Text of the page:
The findings of interviews and focused group discussions shown that, drought and late rainfall onset causes soil drying and difficult to plough that could deteriorate the forage problem that exacerbates weakness and death of oxen which is the engine of subsistent farming as well as other livestock the result of increase of disease and shortage of forage, fodder and grass.

3.3. Crop Yield and Livestock Production in the Last 20 Years

About 62.5% (p<0.001) of the households confirmed that in the last 20years the crop yield was decreased. Accordingly, 70.63% (p<0.001) of the households (Table 5) believe that the livestock production was decreased in the last 20 years this finding was coincided [2].

Table-5. Household response on crop yield and livestock production in Offa woreda in the last 20year
Significance at 5%, 1% and 0.1% level

3.4. Poverty

The 69.4% (p<0.001) of the households confirmed that climate change is one of the major contributors to poverty (Table 6). In this regard, the local government and NGOs were working together to reduce poverty by enhancing awareness of the community about improved agricultural technology.

3.5. Migration

About 43.75% (p≤0.05) of households think that climate change has lower impact on migration (Table 6). However, the woreda statistical data of 2011 indicates that 14.5% of the people were migrated to the nearby woreda like Dana, Boreda, MirabAbay and aboard of the country to work as permanent and daily labor/causal in towns. Case studies in Bolivia, Senegal and Tanzania, which were extremely prone countries to climate change, show that people affected by environmental degradation rarely move across borders, rather, they adapt to the new circumstances by moving  to nearby places for short period, often to cities. This implies that the affected people often move temporarily as a positive response when there is a disrupted rainfall pattern and the changes in temperature associated with climate change.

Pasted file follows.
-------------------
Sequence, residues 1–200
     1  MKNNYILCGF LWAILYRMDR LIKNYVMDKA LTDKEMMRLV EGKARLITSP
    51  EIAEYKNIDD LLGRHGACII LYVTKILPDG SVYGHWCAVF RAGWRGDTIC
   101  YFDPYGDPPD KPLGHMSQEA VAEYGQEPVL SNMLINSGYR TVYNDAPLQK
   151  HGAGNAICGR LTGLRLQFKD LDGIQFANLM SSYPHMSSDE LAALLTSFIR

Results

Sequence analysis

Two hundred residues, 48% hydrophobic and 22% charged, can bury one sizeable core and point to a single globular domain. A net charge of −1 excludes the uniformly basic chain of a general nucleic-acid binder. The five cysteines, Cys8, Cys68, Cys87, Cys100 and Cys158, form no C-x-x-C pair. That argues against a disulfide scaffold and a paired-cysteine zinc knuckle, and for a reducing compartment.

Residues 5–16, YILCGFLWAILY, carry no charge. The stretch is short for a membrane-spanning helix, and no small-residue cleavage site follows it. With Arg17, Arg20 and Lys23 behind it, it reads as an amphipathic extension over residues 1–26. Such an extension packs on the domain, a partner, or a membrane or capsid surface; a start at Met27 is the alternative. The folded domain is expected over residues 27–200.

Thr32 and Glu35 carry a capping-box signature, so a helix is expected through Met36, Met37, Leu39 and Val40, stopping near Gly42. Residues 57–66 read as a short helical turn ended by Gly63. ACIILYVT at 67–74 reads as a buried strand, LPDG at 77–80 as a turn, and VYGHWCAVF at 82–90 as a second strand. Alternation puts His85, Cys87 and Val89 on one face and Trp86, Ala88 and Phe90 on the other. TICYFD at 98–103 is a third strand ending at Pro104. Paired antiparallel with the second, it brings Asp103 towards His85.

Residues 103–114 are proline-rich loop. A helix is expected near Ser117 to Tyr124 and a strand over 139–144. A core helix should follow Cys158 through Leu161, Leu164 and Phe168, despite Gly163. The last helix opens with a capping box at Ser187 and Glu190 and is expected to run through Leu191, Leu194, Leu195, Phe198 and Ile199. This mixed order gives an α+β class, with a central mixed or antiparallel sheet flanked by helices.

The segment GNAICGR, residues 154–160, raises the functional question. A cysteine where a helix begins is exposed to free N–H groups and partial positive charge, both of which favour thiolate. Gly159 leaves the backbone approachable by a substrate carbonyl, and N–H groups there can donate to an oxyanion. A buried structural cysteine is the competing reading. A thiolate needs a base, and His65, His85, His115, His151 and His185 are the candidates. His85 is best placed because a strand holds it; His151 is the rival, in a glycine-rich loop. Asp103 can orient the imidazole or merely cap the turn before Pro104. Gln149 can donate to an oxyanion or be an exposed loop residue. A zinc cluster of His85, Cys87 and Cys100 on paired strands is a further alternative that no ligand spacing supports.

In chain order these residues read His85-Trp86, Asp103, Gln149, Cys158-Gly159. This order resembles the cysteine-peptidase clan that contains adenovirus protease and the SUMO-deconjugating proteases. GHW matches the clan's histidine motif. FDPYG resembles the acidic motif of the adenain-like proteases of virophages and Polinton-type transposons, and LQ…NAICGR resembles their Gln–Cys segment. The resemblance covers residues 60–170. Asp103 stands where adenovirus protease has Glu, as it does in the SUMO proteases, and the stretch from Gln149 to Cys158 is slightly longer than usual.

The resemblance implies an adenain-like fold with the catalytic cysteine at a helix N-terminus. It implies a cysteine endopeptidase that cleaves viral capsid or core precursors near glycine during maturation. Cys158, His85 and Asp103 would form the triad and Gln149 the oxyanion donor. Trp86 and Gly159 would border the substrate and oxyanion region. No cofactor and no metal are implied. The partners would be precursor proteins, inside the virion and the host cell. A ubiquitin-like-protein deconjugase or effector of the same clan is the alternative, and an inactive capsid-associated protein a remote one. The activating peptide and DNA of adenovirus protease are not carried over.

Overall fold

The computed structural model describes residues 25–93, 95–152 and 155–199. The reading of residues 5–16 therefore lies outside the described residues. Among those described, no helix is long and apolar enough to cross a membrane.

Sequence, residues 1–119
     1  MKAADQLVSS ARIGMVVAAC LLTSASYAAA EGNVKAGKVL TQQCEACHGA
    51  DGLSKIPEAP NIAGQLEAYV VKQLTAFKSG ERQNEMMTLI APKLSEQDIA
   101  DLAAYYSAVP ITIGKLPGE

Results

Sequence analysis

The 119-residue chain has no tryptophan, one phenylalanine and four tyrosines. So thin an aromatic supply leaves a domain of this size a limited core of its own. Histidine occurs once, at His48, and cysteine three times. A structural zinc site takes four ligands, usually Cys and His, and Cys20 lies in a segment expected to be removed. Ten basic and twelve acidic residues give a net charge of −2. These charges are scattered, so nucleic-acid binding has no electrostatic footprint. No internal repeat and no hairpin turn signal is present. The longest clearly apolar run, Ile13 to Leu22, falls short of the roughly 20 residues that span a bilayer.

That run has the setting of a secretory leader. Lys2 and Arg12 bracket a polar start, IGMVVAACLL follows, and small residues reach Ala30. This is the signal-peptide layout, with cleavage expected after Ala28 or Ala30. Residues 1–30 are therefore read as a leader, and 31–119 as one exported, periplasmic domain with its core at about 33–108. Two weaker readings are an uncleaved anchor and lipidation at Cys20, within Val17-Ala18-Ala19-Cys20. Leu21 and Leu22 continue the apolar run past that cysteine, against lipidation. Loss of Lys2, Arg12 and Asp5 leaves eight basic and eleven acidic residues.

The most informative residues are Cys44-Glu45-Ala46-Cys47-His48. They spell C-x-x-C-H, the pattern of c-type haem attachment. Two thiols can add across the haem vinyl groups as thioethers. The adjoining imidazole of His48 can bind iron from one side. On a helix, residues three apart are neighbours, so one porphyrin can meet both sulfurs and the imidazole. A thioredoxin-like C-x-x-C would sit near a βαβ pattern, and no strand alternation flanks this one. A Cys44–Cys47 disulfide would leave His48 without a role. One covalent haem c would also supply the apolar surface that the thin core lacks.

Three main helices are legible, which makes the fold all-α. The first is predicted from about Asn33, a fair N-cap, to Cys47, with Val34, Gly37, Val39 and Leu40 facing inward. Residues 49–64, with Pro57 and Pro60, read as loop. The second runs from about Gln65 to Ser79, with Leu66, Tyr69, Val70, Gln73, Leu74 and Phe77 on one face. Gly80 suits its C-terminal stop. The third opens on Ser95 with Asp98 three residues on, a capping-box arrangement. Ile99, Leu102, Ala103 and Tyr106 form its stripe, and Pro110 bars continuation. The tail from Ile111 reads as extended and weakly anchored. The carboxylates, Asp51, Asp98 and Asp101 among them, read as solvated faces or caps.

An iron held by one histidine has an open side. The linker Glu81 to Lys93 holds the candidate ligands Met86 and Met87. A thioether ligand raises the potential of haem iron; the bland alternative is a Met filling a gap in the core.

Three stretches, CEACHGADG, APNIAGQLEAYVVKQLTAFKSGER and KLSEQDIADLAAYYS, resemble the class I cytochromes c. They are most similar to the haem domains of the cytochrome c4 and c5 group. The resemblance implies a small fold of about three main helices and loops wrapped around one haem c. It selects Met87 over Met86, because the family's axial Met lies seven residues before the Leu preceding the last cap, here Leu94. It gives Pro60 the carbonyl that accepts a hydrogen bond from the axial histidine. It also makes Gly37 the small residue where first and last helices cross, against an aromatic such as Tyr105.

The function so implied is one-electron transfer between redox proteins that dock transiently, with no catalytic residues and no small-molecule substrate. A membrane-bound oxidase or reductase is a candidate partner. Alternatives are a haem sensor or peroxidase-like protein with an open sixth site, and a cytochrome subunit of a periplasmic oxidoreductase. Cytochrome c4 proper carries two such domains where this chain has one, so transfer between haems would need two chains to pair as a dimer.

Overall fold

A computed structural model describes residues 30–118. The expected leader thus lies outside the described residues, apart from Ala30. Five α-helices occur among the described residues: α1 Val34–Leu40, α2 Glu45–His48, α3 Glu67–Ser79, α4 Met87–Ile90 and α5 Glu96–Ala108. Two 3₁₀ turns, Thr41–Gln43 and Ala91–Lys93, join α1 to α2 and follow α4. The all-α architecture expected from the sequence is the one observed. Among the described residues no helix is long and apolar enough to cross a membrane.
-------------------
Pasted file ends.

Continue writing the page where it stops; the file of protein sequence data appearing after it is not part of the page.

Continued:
3.6. Disease Incidence

About 60% (p<0.001) of the sampled households believe that increasing crop and livestock disease incidence in the study area is highly associated with the climate change, while 3.13% (p<0.001) do not accept climate change being the cause of disease incidence (Table 6).

3.7. Divorce

Finding showed, 45% (p<0.01) confirmed that family divorce related to climate change is low, while 1.3% (p<0.01) climate change has higher family integrity (Table 6).

Table-6. Households response on the of impact of climate change
*, **, *** Significance at 5%, 1% and 0.1% level

3.8. Most Vulnerable Social Groups to Climate Change Impacts

To identify the most vulnerable sector to climate change impacts, 15 key informants were selected (Table 7). About 27% of the key informants suggested that children, poor and landless, were considered as the most vulnerable groups to climatic shocks (Table 7). On the other hand, key informants suggesting women and large sized families to be the most vulnerable were equally 13%. The argument was that, the poor and landless people usually depend only on their limited income generated from working as casual laborer and thus have low potential to absorb climatic shocks. However, those with land and some asset will have better resilient capacity to the impacts of climatic shock by selling the available assets, taking credits and leasing part of their land. Similarly in India [17].